“I wanted marriage — without a wife.”
Peter Tchaikovsky (Richard Chamberlain) tries to deny his homosexuality by marrying a socially ambitious young woman (Glenda Jackson), but soon finds himself miserable and unable to compose.
Ken Russell’s flamboyant biopic of Peter Tchaikovsky is based on true events, but takes great liberty with details. Indeed, Russell seems most concerned with chronicling the emotional highs and lows of Tchaikovsky’s tortured life, primarily focusing on the ways in which his desire to conform to societal expectations — by marrying, rather than continuing his dalliances with young men — wreaked havoc on both his personal and creative life. Critics at the time of the film’s release were unimpressed, completely missing the point of Russell’s vision; nowadays, audience members accustomed to “creative” imaginings of artists’ lives may well have more tolerance for The Music Lovers, which remains a heady, visually sumptuous experience, one which successfully portrays the havoc wreaked on both husband and wife when marriage is based on pretense rather than authentic desire. Richard Chamberlain is perfectly cast as Tchaikovsky (especially given what we now know about his own closeted homosexuality), and his piano playing (while dubbed by a professional) is truly impressive. Glenda Jackson nearly steals the show, however, as Tchaikovsky’s ambitious, mentally unstable wife who simply can’t understand why her husband has no desire to make love to her.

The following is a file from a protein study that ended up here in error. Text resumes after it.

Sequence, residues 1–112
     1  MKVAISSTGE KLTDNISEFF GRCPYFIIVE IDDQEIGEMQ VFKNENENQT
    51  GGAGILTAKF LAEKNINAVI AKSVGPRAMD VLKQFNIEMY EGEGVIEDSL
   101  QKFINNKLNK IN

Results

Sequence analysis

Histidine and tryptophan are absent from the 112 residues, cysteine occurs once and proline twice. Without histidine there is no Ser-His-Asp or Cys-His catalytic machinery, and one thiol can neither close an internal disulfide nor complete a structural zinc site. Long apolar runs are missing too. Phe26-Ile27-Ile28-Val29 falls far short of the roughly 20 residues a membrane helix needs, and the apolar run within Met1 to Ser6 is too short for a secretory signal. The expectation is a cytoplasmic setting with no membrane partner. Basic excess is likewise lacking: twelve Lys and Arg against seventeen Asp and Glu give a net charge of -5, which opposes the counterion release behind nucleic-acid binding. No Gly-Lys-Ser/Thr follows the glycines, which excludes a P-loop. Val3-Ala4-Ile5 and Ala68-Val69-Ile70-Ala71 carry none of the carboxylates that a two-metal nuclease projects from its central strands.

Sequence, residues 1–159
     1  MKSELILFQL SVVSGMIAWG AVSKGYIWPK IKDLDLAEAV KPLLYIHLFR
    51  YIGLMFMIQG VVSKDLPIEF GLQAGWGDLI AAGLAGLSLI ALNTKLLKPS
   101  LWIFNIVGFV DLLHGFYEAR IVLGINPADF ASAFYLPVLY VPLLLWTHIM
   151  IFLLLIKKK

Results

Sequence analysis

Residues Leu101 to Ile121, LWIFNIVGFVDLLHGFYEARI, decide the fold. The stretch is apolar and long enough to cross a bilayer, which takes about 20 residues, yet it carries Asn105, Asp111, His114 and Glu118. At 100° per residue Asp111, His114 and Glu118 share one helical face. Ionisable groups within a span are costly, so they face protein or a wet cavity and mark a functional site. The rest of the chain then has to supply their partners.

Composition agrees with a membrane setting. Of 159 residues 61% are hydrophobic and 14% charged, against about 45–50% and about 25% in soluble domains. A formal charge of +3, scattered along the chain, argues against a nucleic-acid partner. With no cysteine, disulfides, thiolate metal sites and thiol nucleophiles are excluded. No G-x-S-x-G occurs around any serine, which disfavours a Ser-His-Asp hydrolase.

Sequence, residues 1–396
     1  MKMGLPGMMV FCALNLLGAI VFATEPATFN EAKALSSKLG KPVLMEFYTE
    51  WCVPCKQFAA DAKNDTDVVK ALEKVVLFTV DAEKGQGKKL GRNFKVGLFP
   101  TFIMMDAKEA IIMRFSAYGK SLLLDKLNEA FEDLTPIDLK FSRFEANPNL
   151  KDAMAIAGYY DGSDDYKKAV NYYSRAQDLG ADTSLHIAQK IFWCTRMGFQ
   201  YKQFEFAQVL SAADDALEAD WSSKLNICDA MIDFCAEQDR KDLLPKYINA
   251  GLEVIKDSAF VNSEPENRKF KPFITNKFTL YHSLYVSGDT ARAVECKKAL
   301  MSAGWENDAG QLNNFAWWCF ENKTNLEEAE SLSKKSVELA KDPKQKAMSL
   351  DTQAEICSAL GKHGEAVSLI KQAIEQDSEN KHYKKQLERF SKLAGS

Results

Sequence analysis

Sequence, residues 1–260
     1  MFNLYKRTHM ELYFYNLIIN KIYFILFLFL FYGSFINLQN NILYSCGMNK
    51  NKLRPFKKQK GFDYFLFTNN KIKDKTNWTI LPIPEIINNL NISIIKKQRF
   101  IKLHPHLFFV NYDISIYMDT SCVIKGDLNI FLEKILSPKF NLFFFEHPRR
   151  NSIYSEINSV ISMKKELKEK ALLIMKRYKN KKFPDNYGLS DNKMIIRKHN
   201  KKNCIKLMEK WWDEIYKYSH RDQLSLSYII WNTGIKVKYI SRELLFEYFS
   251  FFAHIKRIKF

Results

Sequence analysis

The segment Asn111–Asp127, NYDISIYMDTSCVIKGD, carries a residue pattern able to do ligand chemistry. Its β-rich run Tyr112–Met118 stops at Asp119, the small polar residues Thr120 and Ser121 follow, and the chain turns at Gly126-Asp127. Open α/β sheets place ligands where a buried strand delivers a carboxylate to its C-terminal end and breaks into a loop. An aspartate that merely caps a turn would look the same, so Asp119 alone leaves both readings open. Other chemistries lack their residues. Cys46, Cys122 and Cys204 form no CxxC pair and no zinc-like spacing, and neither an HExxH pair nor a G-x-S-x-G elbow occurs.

Redeeming Qualities and Moments:
- Richard Chamberlain as Tchaikovsky
- Glenda Jackson as Tchaikovsky’s wife in-name-only
- The powerful, fantasy-laden opening concert sequence
- An astute look at Tchaikovsky’s tormented sexuality
- Sumptuous set designs and costumes
- The hilarious “camera obscura” scene
Yes, as a prime example of Ken Russell’s inimitable biopic style. Listed as a cult movie in the back of Peary’s book.